Do you have roads with stream crossings on your forestland? The DNR Family Forest Fish Passage Program wants you to know there is funding available to correct your fish barrier.
Many miles of stream in Washington State are inaccessible to fish because of barrier culverts or other in stream structures. The program’s goal is to help restore declining salmon and trout populations by replacing culverts with new structures that allow fish to migrate upstream and gain access to quality habitat.
Since the program began in 2003, 232 fish barriers, usually road culverts, have been eliminated on non-industrial timberland, returning some 500 miles of stream habitat to migrating salmon and trout. The opportunity to get help with removing these barriers has been popular with many landowners. (Stop by DNR’s Facebok page to see what satisfied forestland owners are saying about the program.)
The state Legislature included $10 million for the program when it passed a $1 billion construction jobs bill in 2012. DNR is working with Department of Fish and Wildlife, the Recreation and Conservation Office, and a host of project sponsors—including tribes, salmon enhancement groups and conservation districts—to complete nearly 100 projects statewide in the next two construction seasons.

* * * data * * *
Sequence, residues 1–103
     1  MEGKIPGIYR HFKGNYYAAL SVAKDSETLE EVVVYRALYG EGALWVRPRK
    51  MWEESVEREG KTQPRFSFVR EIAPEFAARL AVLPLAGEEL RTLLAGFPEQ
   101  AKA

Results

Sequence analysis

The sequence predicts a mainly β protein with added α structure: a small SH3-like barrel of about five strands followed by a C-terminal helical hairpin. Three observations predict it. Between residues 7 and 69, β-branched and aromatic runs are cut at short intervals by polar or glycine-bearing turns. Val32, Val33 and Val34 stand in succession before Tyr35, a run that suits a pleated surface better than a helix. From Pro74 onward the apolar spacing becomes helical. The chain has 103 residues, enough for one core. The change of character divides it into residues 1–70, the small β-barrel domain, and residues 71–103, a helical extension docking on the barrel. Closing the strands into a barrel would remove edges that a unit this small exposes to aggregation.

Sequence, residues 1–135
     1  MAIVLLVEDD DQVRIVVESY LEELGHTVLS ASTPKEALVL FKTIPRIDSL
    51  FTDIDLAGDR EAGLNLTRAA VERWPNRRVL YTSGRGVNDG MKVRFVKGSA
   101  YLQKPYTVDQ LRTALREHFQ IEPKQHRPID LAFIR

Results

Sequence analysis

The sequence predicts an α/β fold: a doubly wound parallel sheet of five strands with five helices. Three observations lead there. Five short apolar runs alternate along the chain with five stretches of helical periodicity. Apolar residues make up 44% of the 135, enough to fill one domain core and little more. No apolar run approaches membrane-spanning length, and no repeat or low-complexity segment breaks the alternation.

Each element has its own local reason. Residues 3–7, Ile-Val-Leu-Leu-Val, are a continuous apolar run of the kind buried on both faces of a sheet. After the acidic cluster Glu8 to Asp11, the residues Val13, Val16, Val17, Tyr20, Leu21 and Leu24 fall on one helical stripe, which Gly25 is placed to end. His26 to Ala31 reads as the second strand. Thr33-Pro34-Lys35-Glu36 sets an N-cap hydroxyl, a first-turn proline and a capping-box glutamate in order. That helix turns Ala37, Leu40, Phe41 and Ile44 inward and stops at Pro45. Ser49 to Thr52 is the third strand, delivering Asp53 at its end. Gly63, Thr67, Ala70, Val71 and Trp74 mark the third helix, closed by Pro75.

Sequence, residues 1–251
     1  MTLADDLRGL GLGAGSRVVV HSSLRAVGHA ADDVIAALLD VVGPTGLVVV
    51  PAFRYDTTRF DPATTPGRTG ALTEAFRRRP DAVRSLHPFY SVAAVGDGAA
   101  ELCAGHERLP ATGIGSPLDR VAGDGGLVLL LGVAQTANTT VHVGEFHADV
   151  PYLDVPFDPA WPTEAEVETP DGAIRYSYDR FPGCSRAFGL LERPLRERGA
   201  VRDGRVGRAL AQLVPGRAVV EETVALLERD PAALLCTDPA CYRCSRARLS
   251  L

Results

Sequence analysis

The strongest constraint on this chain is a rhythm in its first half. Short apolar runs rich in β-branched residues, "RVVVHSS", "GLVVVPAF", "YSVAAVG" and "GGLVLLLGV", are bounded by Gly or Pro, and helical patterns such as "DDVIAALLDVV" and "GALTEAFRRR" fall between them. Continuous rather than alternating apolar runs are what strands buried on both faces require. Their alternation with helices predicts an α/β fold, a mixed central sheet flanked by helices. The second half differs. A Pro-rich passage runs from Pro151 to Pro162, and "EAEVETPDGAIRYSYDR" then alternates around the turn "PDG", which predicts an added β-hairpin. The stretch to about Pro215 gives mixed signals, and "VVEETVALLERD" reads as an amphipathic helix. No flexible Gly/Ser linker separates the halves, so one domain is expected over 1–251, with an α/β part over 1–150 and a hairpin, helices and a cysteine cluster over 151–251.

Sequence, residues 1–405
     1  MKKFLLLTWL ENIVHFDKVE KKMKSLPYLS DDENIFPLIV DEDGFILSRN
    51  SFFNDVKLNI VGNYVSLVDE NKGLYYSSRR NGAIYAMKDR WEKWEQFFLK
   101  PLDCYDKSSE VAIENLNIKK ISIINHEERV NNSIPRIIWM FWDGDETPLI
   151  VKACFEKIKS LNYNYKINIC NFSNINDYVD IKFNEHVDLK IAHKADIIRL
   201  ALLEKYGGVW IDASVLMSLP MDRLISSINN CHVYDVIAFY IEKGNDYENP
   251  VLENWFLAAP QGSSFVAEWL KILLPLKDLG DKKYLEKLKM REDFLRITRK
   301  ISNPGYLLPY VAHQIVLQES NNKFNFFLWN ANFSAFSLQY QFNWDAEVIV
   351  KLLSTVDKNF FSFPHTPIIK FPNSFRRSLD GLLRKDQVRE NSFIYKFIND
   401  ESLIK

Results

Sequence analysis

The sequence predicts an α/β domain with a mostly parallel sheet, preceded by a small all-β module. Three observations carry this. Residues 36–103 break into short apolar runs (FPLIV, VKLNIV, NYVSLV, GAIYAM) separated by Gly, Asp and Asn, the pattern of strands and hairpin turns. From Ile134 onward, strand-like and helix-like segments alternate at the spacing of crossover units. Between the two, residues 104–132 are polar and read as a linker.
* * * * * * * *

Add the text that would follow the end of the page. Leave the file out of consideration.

Even if you’re not sure if your culvert is a barrier to fish, you can apply to the program and have it evaluated. By signing up for Family Forest Fish Passage Program(FFFPP) a landowner can have their culvert or other in-stream structure evaluated for eligibility.
Rick Kuykendall, DNR’s FFFPP specialist, says “most people think this program is just too good to be true, but the Legislature recognizes the onerous cost of replacing this kind of structure without financial assistance, and that allow us to step in and help.”
This program is working statewide to continue to correct these barriers. To watch a video and learn more about the program visit: www.dnr.wa.gov/fffpp.
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